Dozens of pastors and ministry leaders revealed their "aha!" moments during an entirely online conference on Wednesday.
The speakers, who submitted pre-recorded videos of themselves, had six minutes to tell thousands of viewers the wisdom they gained when they went through a rough patch or when they just had a light-bulb moment during ministry.
"God wants us to express the talents He has given us, not talents He's given someone else," said Shawn Lovejoy, lead pastor of Mountain Lake Church in Cumming, Ga., in his short video segment.
Lovejoy recognized that pastors often struggle with insecurity especially when comparing themselves to the more renowned or "successful" pastors.
Once leaders become insecure in their own skin, they begin to question what they're doing and copy others, borrowing programs, sermons or even personalities. When that doesn't work, they begin condemning other churches or ministers and when that fails, they start condemning themselves, Lovejoy explained.
"You and I are insecure in our own skin as ministry leaders [and] it's affecting the church," he said, noting that there are many "cookie cutter churches."
"We're not okay with the fact that most of us will never be megachurch pastors," he said. "We think if we don't have someone else's talent then we're not successful."
But by trying to be someone else or not accepting the unique talents God has given, leaders end up "limiting the movement of God," he cautioned.
Lovejoy's video kicked off a four-hour Web conference called "Aha! New Voices. Fresh Ideas." Hosted by Leadership Network, the online event is the second of its kind by the network. Last September, some 20,000 church leaders and others joined Leadership Network's first online event where speakers had nine minutes each to talk.
Shane Hipps, teaching pastor at Mars Hill Church in Grand Rapids, Mich., said his "aha!" moment came when he was struggling with preaching.
Hipps wanted to make sure his preaching was effective but realized he could never gauge the effectiveness especially with churchgoers often hitting him with the generic "great sermon" comment.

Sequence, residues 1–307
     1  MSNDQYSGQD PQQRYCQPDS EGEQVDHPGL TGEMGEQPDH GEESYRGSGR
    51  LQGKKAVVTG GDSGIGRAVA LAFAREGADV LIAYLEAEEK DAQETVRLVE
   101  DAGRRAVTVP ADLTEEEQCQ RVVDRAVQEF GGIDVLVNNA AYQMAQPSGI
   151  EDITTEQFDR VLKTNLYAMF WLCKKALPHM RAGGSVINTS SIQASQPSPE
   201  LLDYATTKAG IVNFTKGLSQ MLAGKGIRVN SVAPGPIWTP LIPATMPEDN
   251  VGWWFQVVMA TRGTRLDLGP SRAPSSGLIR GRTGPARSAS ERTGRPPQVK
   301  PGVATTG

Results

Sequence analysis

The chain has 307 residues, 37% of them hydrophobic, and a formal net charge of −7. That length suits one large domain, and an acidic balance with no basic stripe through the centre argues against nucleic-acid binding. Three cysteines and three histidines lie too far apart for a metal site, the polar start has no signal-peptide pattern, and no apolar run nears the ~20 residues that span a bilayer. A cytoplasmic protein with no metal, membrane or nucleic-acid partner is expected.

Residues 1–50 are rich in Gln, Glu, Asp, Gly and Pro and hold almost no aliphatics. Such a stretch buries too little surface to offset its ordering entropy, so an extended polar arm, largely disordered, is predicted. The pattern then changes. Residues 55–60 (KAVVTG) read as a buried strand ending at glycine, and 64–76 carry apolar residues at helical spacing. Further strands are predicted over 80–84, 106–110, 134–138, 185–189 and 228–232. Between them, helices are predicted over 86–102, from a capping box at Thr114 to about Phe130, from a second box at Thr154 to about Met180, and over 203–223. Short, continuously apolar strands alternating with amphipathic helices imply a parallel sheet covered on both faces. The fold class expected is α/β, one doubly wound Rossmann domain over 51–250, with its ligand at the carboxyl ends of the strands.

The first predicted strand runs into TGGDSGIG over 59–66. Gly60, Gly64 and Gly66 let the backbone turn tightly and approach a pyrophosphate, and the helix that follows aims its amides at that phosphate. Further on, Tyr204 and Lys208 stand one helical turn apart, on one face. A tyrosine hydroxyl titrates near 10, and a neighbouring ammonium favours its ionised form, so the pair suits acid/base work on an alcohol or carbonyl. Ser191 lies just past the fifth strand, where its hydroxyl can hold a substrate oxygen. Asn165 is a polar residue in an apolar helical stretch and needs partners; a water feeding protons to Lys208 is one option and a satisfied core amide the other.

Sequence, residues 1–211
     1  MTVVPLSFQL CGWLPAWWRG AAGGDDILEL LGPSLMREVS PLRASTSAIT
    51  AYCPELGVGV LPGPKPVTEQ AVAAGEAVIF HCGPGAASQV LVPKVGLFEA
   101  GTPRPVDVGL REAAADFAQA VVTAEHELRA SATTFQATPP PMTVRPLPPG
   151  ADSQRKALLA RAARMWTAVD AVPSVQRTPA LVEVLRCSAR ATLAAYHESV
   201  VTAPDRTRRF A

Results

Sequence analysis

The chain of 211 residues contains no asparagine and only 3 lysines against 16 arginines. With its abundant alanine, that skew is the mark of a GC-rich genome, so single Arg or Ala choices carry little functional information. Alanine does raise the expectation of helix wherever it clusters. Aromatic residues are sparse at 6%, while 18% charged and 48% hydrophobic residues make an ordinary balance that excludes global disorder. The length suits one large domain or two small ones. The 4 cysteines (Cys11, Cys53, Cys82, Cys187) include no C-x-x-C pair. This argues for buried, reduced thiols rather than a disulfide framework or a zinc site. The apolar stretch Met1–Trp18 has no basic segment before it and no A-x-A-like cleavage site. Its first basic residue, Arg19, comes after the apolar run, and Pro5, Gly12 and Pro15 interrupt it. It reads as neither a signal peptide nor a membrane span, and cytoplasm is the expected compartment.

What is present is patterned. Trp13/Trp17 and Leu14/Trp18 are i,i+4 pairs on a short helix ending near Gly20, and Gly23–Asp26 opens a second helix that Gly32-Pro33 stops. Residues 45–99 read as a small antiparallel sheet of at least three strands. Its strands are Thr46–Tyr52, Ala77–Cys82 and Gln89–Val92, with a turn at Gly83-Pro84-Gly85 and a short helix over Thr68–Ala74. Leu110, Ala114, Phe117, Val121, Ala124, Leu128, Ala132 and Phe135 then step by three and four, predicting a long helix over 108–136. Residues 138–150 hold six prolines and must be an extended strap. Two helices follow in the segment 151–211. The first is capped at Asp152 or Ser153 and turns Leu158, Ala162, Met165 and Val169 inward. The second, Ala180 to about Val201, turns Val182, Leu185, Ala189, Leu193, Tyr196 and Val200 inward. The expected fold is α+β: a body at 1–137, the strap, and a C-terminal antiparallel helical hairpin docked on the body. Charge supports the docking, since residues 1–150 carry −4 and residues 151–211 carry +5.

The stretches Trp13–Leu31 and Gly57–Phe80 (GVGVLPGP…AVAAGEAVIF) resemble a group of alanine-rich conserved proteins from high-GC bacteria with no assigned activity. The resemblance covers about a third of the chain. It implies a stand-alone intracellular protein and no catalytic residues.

He later learned, through experience, that he had to divest himself of the outcomes of his preaching. That's when his preaching changed and when people began responding.
"I was not invested in whether or not they did what I said they should do," Hipps explained. "As a consequence, what comes with that is ... an incredible sense [that] my job is to offer my gift fearlessly, freely, independent of whatever the outcomes might be."
One of the most inspiring six-minute talks (judging from comments on the live Twitter feed) came from Micah Davidson, lead pastor of Real Life Fellowship in Corpus Christi, Texas.
Davidson recounted the time he went to West Africa with his wife to bring home his adopted son. In a village in the northern part of Ghana, people gathered in a circle to celebrate the adoption with singing and dancing. During that time, Davidson got the sense that they wanted him to dance but he was hesitant. His adopted African son then jumped in and danced, bringing the house down. Realizing this was important to his son and the village, Davidson scurried up his courage and pulled out the best dance he could do.
After that experience, the Real Life pastor realized, "My son did not care how many people I had in attendance last weekend, how many people our church baptized last year. ... What he wanted to know is will my dad dance? Does my dad love me enough to get into my world?"
Encouraging ministry workers to make family a priority, he said, "Let's work as hard as getting into our family's world as we do studying for our sermon."
Describing an even bigger "aha!" moment, Davidson reminded pastors and ministry workers that God loves them.
"Jesus came to this world to adopt me," he said. "I'm so glad God didn't look down from heaven and said 'I'm going to send you a little bit of change every month.' ... He came to this world."
"I'm so thankful I've got a Savior that can really relate to me. ... He knows what it's like to be tired ... to share vision and your staff doesn't even get it, to go through painful circumstances," he added. "God put skin on and He moved into the neighborhood ... so I can be adopted into His family."
"There's a father who gave everything He had to adopt you and I ... just because He loves us."
Notably, Davidson's dancing also opened up relations between his church and the village chief. Real Life was able to start medical missions and bring food and water to the indigenous people as well as start churches in the area.
"Let me give you a few seconds to dance," Davidson said.
Other notable quotes from the online conference include:
"I have a theory why so many pastors burn out: They start out walking with Jesus but they end up working for Jesus." (Pete Briscoe of Bent Tree Bible Fellowship in Carrolton, Texas, recalled hearing from someone at a time when he was depressed)
"You're going to have this proliferation of all these can-do's in your life and every one of these opportunities is going to be a distraction in disguise because rather than getting stuck with all these things you can do for God you need to pursue the one thing that you must do for God." (Clarity evangelist Will Mancini)
"[God] gives His people a heart. The eyes of the Lord are constantly ranging the earth looking for a heart, not for talent or resource or sexiness, just for a heart – a heart for the lost and the poor." (Andy Hawthorne, CEO of The Message in Manchester, U.K.)